Just so we're clear: Tiny Tim was musically talented. The fact that he found fame for a musical expression that didn't square with the mainstream doesn't change that. If anything, it shows the worth of his act. Shoot, he can hit a note better than Sonny Bono when he duets with himself on "I Got You Babe."
But making music is not what made him famous. Tim's national success was because you could either laugh with him or at him. But what a sad world for you if it was the latter, because his act was always supposed to be funny. It was weird, and he owned that weirdness like he paid cash for it and asked for a receipt.
Today he would probably have 2 million Twitter followers and a few minor news blurbs for biting Andy Dick. But back then, in the era of three TV channels? It was amazing that he even made it to the screen.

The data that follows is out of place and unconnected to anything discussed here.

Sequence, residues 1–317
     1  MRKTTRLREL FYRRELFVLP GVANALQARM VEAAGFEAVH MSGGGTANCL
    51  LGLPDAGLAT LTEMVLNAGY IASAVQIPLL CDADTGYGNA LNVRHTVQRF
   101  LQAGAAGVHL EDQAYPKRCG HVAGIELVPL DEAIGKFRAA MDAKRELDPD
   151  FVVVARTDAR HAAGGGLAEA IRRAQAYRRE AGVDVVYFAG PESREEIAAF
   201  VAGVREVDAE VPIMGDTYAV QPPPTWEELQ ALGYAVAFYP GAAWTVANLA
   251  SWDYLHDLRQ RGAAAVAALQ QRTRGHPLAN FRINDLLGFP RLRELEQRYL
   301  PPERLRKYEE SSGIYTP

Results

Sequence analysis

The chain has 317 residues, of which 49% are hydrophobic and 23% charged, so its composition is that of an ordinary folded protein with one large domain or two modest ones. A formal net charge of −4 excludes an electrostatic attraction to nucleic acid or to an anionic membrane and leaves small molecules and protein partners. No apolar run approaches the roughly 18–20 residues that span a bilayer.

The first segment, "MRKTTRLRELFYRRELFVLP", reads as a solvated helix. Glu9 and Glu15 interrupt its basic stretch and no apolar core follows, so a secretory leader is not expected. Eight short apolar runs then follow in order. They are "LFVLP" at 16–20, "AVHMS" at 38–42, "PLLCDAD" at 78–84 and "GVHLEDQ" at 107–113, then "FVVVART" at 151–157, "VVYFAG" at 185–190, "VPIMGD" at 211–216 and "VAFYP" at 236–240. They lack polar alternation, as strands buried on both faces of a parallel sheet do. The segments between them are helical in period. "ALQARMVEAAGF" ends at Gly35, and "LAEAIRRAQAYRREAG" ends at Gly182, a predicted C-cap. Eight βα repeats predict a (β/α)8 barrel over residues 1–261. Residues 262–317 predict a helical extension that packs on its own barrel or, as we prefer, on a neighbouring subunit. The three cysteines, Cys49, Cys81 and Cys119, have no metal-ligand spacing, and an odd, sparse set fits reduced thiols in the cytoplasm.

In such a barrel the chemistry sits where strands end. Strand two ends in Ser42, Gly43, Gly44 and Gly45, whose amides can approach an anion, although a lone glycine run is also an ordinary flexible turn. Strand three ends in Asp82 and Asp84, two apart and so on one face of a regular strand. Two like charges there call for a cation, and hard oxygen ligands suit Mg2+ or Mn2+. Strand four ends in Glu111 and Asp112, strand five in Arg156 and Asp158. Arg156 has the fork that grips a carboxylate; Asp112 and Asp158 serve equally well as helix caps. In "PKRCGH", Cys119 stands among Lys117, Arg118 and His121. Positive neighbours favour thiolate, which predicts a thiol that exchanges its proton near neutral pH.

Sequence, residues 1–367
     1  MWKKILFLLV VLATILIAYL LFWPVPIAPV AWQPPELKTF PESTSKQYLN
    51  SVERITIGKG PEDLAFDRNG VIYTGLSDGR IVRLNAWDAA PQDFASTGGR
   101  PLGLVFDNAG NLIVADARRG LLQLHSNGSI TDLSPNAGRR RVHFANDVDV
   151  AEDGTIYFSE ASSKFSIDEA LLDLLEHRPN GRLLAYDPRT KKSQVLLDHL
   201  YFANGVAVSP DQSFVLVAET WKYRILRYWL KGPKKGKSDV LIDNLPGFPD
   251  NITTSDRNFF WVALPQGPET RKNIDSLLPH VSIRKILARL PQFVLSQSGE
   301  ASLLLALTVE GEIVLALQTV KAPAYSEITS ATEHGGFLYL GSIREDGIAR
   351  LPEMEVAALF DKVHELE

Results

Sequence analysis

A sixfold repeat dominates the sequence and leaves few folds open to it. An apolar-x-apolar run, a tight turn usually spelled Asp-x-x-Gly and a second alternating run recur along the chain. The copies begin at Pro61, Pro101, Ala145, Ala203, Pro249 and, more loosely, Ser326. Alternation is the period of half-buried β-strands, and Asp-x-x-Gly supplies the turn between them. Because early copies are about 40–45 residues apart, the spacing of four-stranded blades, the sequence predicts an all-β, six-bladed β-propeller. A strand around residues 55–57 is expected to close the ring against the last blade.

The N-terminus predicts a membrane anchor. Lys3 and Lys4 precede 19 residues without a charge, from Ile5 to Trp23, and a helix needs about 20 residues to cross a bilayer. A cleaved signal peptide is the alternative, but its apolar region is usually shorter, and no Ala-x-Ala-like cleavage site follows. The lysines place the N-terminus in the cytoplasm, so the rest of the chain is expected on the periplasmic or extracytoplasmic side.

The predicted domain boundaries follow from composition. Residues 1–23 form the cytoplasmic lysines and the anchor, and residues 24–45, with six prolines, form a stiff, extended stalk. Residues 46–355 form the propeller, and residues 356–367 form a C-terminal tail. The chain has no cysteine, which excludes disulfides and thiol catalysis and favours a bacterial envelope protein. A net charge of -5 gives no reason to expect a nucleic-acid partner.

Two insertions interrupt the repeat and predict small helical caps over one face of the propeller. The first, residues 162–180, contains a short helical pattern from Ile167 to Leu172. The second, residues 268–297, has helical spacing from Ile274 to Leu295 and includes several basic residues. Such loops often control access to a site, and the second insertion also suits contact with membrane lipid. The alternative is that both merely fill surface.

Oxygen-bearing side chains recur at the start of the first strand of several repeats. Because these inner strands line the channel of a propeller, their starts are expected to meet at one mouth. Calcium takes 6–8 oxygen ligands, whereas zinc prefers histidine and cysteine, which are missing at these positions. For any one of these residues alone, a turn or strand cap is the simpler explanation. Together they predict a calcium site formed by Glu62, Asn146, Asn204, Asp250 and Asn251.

But he did, and that is why the man is a success. Oh, you think he was just a novelty act? You're entitled to your opinion, and feel free to validate it by impressing the Beatles enough that they request your talents for a Christmas bootleg.
Sure, he was tortured by his sexuality, but that's the era's fault, not his. He lived on a diet "of raw potatoes, beer, and jars of tomato sauce." The only diet more rock star than that is uncut heroin and Madonna's pussy.
Plus, he died like a boss. After suffering a heart attack, doctors told him to stop performing for his cardial integrity. Now, surely playing the uke and singing in the upper register is an activity that even heart attack victims can handle, but dagnabbit if he didn't decide to leave this world in the same high-pitched squeal he entered with. Two months later, he suffered a second heart attack onstage, this one terminal.